What the flippity-flip is Kombucha Tea, and why is it EVERYWHERE? Perhaps this really is the fermented fountain of perfect health… Time to find out if this is the miracle cure we have all been searching for, or whether it’s time to jump off that hyped up train.

So, the BIG question: Is Kombucha Tea beneficial to my health?

SCIENCE SAYS YES! That’s right, science says… Not your local guru named Skye who dresses in hemp but your lab-coated superhero’s whose weapon is data.

Here are the four main reasons these geeky guardians are putting forward for why Kombucha is more than just your average beverage:

We have all heard of detoxing, mostly conjuring images of sipping green juices and eating nothing but celery for a week.

However, in simple terms, a detoxifier helps to:

1) Group together unwanted visitors, known as Xenobiotics (pharmaceuticals, environmental pollutants and toxins)

2) Modifying them into compounds with higher solubility

3) So that we can more easily release them from our tissue and excrete them from the body.

Where does Kombucha Tea come in?

Kombucha Tea has actually been shown to prevent tissues from absorbing some of those nasty toxins meaning that the process of detoxication is even more efficient! Forget the celery, grab a glass of Kombucha on your next detox.

Antioxidant is a serious buzz word and for good reason as they are known to help prevent many disorders and metabolic diseases, to name a few:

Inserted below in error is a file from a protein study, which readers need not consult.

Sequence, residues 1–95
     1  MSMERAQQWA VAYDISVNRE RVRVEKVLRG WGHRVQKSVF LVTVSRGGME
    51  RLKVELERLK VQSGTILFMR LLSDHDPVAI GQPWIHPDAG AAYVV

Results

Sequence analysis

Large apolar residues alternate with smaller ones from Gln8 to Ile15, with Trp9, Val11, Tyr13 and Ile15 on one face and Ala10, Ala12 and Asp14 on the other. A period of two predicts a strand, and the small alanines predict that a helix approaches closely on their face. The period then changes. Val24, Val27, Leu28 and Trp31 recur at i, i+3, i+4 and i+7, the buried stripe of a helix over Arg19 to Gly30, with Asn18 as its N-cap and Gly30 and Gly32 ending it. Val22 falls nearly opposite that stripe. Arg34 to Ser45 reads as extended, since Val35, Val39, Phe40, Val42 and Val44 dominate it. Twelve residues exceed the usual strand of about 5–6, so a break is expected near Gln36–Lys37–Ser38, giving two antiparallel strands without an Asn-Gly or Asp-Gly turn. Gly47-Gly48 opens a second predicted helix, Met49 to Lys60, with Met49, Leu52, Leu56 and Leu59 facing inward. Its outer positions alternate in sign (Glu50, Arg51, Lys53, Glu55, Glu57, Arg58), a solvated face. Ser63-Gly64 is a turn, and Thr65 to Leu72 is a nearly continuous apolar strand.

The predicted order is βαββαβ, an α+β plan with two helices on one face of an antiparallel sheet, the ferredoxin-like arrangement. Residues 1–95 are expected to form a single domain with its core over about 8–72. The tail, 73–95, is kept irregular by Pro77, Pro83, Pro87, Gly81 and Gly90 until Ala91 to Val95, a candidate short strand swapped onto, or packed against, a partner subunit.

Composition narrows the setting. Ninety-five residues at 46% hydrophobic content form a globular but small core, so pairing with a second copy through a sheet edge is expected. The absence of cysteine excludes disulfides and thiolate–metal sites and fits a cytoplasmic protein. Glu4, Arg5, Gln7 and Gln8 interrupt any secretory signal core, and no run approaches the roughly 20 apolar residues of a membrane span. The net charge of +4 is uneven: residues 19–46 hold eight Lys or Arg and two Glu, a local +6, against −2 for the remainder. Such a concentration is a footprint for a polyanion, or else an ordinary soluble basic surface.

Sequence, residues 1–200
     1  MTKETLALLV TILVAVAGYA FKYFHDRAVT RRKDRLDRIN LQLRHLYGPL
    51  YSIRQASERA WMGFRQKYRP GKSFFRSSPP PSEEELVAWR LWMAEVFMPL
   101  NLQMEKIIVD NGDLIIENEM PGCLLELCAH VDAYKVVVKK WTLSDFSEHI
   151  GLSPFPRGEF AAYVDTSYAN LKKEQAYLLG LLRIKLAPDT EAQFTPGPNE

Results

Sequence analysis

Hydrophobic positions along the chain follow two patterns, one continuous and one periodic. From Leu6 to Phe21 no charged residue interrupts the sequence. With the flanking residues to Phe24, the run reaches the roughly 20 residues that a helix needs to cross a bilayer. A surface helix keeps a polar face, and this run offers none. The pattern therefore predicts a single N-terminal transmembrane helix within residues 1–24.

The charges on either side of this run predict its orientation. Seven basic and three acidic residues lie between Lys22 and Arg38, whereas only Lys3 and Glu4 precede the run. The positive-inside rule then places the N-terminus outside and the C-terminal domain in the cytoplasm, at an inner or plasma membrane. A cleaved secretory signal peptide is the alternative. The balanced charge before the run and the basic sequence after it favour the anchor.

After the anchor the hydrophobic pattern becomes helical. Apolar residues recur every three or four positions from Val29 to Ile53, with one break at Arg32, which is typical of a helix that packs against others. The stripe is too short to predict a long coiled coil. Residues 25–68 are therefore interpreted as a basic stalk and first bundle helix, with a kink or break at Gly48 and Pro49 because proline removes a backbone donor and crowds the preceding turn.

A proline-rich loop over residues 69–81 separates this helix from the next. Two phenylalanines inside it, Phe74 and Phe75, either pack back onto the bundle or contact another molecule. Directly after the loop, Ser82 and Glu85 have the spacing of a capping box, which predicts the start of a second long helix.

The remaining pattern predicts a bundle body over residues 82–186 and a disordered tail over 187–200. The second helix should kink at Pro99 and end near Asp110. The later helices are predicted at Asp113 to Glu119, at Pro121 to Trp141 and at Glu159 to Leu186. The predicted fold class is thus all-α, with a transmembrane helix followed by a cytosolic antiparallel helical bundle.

Now you know why blueberries carry such a hefty price tag!

How do they work?

In our bodies we have what are known as Free Radicals (no, not the band) – these pesky things are unpaired molecules and are very reactive. Imagine you lost one of your favorite pair of shoes, you’d be pretty reactive too, huh?

These molecules create Oxidative Stress in the body and the way to combat that stress is by using antioxidant rich products in everyday life.

Where does Kombucha Tea come in?

Kombucha Tea contains many antioxidant rich elements: Vitamins E, C, beta-carotene and other carotenoids. Kombucha made with black tea not only leeches some of the antioxidant stress fighting powers of this afternoon delight but intensifies it! Having antioxidant activity 100 times higher than Vitamin C and 25 times higher than Vitamin E alone.

All that jargon above means only one thing – due to its antioxidant properties, Kombucha Tea may help to cure many chronic illnesses caused by oxidative stress.

When we think energizing we are usually transported to a sea of neon green energy drinks, bathed in a colon un-cleansing cacophony of caffeine and colorings. Well not today!

Where does Kombucha Tea come in?

That beautiful boost not only comes from the drinks natural formation of Iron, set free from the tea but its ability to increase our bodies absorption of the Iron. Iron combined with a few other naturally occurring acids increase the levels of oxygen-carrying protein Hemoglobin.

More oxygen means more energy!

No one is immune to the immune system battle, this is our bodies biggest defense against all the nasties the world throws at us. So even though the scientific premise of this point mimics the argument from our antioxidant revelation above, it is important enough to require, no, demand its own point.

We know Kombucha Tea is full of oxidative stress fighting antioxidants. Another HUGE benefit of this links directly to the immune system: